It’s the same when we study the Bible. We could make better use of our years of bible study as we mature as Christians if we incorporated insight into the Hebrew language into our studies. To deepen our understanding of the Bible, we must immerse ourselves in the study of it. As we put years in on digging deeper into biblical truths, we should become at least some level of expert on the subject. Returning to my example of a literary scholar or an earnest student of any topic, Christians should become adept at more and more aspects of biblical study as we mature.

2. It helps us better understand the scriptures.

While some details will be lost in translation between any two languages, some translate more easily into English than others. Take the word peace, for example. In Spanish, it’s “paz,” meaning tranquility or peacefulness, much like what it means in English. So, paz = peace and vice versa. But in Hebrew, shalom is the word for peace. Shalom doesn’t just mean peace, though. Its full Hebrew meaning encompasses completeness, welfare, prosperity, perfection, soundness, safety, health, and more. Yet when translated into English almost everywhere it appears in the Bible; in nearly every English bible translation, it is merely translated as “peace.”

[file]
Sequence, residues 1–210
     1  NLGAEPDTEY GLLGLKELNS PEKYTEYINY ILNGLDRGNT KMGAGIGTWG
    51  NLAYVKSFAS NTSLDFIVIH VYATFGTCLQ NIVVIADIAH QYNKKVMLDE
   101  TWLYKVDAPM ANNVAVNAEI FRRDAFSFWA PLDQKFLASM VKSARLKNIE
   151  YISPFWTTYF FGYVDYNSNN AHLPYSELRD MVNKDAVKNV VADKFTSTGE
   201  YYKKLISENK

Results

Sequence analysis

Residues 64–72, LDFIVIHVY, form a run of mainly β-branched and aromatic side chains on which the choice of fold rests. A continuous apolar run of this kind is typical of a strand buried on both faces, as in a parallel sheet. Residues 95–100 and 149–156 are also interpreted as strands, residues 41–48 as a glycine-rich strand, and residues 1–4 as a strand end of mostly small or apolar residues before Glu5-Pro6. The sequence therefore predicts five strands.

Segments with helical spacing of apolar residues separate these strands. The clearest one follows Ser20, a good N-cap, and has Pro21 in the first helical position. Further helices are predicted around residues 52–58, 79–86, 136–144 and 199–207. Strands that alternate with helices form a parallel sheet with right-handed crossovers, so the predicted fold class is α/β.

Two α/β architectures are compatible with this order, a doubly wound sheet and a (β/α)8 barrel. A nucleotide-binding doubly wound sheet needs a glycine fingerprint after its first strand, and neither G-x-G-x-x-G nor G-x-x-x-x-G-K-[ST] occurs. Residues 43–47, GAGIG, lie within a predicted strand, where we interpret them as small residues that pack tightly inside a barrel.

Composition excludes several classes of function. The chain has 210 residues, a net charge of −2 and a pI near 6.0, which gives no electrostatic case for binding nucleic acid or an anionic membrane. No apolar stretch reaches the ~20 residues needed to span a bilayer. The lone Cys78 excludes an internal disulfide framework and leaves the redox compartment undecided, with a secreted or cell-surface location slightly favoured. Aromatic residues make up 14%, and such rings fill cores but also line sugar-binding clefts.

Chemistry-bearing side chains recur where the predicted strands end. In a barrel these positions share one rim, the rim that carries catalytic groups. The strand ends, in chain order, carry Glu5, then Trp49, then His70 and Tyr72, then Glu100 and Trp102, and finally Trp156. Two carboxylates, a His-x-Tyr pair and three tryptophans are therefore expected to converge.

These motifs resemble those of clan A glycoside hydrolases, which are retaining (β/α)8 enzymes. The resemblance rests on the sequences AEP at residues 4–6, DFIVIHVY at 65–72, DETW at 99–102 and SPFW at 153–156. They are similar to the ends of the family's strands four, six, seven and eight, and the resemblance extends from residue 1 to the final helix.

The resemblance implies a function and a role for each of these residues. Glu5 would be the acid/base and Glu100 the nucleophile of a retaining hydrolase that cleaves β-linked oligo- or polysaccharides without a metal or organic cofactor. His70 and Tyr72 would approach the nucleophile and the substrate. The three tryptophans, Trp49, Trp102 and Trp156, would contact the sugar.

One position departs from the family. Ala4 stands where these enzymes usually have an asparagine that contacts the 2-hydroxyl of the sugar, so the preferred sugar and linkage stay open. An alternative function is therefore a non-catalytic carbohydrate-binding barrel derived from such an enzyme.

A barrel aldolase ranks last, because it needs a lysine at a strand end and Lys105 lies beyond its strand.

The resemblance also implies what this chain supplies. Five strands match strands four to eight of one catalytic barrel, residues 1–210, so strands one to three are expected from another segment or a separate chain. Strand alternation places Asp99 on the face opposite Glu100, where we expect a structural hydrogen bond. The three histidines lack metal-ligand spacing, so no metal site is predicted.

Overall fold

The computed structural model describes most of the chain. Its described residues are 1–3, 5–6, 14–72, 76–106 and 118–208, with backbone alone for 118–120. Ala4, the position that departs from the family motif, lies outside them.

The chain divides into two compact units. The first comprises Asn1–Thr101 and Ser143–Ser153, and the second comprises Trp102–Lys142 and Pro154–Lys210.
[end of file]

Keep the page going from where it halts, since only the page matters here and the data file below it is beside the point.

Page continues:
The inaccurate translation is not the fault of bible translators. They are brilliant and well-educated, using their knowledge to replace Hebrew with the best possible English words to preserve the meaning. The confusion comes from the vast differences between the two languages. Even with such valuable resources as we have in the development of today’s numerous bible translations, some meaning will still be lost.